Posted by: jeannineatkins | November 12, 2015

A String of Pearls and Paint

I often feel adrift before I commit to pen and paper. Maybe that’s what some writer’s rituals are about: the pencil sharpening, coffee making, or cat petting help us make the transition from mulling to dredging up words, crafting a vision into a book. We’re about to spend time making something out of nothing, or of memory, imagination, thin air. I trust what I can touch or taste, but since I make a life with words, I chose a vocabulary that leans to the tangible.

Sometimes a small detail pulls me into a story. I can hear my heart briefly stop as I spot an object important to my character. This may rise after lots of scribbling about what she wears, where she walks, what she keeps in her handbag or drawer. More details come as I keep writing, and now that I’m in revising a manuscript, details guide me along the way. Looking for ways to show more about Edmonia Lewis, a nineteenth century sculptor who is at the center of my forthcoming book, Stone Mirrors, I envisioned her helping someone in her dormitory arrange her hair. Might the girls talk about pearls, and how Cleopatra wove them through her hair? Might one girl look for a string of pearls her father gave her, and not find them, breaking trust? Could all of this echo what’s in a statue of Cleopatra that Edmonia sculpts years later? Those missing and found pearls serve as a sort of flashlight as I get lost along the way, and try to kick up tension between those plot points. After writing a lot of bad stuff, I’m getting to see once ragged edges of scenes form tight corners. There’s the detail, then the work, then just the right place to put those details.

It’s good to work on something new, though my attention doesn’t stray too long from May Alcott, who lived around the same time. I’m having fun sorting through photos as I put together a talk about art and Little Woman in Blue at the Dickinson Library in Whately, MA this Saturday Nov. 14 at 11 a.m. I’ll be at another favorite place, Jones Library in Amherst MA on Tuesday Nov. 17 at 7 p.m. For Paintings Hung in Parlors.


I’ll show slides of May’s work as well as that of some of her teachers, such as William Rimmer, her student Daniel Chester French, and her friends Mary Cassatt. I’ll discuss the role of art for women in the nineteenth century, including May Alcott’s forward thinking in wanting a life that included both art and a family, and her feminism as shown in her book Studying Art Abroad and How to Do it Cheaply. There she comments not only on good places to buy paints (and shoes and hose) in London and Paris, but also about how the teachers in Paris charge women three times what they charge men, who get to work with more experienced models and are given more serious criticism. She suggests that women protest to make a change, which might happen, as she’s seeing excellent work by women, and instructors may want to take credit for such talented former students.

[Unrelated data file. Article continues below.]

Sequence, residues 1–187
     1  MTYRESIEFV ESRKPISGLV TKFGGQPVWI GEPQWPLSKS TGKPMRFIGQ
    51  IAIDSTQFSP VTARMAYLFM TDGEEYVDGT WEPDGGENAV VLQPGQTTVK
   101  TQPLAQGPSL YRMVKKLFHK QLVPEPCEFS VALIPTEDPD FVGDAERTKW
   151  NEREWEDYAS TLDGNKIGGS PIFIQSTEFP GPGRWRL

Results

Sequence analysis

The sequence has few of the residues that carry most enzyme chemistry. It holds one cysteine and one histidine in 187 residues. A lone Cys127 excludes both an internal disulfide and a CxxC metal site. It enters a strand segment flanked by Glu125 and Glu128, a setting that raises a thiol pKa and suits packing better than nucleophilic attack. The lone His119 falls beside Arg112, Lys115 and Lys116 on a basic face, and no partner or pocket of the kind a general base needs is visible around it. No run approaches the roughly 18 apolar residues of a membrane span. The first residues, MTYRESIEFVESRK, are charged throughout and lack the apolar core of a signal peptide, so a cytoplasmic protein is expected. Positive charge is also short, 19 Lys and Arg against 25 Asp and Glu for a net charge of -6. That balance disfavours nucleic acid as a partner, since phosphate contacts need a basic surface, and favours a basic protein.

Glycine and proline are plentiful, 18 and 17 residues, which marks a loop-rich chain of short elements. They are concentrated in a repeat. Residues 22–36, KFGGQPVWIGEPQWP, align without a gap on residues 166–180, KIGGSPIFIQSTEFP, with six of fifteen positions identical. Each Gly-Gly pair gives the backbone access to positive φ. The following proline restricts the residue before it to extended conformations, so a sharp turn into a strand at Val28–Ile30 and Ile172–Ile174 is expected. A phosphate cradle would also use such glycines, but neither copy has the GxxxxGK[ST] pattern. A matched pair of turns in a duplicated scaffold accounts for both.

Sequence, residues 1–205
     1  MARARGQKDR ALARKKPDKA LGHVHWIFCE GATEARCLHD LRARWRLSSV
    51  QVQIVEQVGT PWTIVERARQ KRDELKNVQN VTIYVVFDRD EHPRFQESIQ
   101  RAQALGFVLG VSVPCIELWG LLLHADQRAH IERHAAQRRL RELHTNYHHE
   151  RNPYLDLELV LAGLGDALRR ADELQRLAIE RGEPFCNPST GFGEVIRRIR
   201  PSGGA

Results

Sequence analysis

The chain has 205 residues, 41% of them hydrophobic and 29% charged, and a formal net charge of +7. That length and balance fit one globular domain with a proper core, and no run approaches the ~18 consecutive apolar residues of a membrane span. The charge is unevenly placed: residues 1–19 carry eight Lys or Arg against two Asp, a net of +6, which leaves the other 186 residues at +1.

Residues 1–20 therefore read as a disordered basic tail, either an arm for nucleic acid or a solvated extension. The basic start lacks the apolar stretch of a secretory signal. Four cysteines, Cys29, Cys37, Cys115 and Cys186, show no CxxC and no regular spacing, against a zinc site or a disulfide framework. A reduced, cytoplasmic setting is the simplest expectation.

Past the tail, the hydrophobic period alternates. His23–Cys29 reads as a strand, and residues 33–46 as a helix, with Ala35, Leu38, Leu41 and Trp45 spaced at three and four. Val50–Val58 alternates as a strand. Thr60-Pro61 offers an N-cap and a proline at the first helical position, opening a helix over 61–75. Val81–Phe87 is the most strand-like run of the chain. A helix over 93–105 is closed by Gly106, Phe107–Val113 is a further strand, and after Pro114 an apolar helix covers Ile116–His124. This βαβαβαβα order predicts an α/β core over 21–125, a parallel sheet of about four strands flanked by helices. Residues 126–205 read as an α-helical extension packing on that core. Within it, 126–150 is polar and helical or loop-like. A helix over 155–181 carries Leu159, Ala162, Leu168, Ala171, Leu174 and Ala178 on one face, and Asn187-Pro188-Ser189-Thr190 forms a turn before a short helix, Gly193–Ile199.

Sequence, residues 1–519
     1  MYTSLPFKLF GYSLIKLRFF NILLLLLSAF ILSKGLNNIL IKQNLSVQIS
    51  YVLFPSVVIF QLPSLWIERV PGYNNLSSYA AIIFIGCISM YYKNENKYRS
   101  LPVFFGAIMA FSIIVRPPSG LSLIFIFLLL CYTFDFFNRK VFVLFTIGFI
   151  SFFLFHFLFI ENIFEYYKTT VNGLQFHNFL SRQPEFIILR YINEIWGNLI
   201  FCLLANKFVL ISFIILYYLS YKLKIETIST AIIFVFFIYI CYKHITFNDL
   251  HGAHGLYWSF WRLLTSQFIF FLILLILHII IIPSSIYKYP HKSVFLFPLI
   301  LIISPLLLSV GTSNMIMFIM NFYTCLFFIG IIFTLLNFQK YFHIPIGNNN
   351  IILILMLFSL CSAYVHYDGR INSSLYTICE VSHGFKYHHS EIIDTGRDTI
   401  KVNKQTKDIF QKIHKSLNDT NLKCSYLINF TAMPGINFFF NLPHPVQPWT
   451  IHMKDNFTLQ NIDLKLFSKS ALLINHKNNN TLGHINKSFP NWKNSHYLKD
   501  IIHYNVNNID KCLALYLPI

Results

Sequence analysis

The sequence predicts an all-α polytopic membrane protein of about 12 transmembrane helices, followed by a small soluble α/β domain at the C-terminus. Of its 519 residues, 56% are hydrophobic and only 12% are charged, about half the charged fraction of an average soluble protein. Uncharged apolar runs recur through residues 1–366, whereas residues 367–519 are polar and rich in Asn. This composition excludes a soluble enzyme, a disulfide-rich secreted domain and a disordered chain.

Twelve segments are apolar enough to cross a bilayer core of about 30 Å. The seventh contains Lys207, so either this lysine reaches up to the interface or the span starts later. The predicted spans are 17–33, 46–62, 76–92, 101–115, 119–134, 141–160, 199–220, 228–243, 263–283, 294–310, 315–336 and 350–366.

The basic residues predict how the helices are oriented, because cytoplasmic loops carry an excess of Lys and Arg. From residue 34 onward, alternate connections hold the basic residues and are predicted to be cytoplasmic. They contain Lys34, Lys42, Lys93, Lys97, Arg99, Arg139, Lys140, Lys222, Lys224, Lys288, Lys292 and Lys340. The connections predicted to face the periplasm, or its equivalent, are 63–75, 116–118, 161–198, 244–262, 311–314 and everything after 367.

There’s so much to learn from the past, as is suggested by these chairs I photographed outside the art library at Smith College.


A short piece I wrote about the ways and possible whys of Louisa’s decision to depict May in Little Women as less talented and driven than she was in life was just published on Passages to the Past. Thank you, Amy! Also, I recently answered questions about writing challenges and inspiration at Wordswimmer, where there are often interesting conversations about writing and yoga. You can click on the link for a radio interview I did for New Books in Historical Fiction with the smart and lovely-voiced C.P. Lesley. We discuss the differences between writing for children and adults, writing poetry and prose, and between the real lives of the Alcott family, those depicted in Little Women and yet again in Little Woman in Blue.

Big thanks for everyone’s interest as I get back to finding out what happened to those pearls, and a missing paint box, too.


  1. Oh, I love those chairs! So Smith College! Thanks for sharing your process, as always, Jeannine. I haven’t been writing much, laid low by Lyme and finding it takes all I have just to get through the school day, but I always want to have another go at my writing when I read one of your posts. You are a gift!

    • I’m sorry you must cope with Lyme and exhaustion, but am glad of any words that inspire you to get back to writing. Take care of your good self.

  2. Ohhhhh, I’m intrigued by your imaginings! A strand of pearls, woven through someone’s hair, and also ensnared in a tangled web of deception…genius.

    • Thanks for your help in nudging me to find these pearls. I don’t know about genius, but I’m going to hold your faith close today and through the week as I put together gems, marble, and memory. Thank you!

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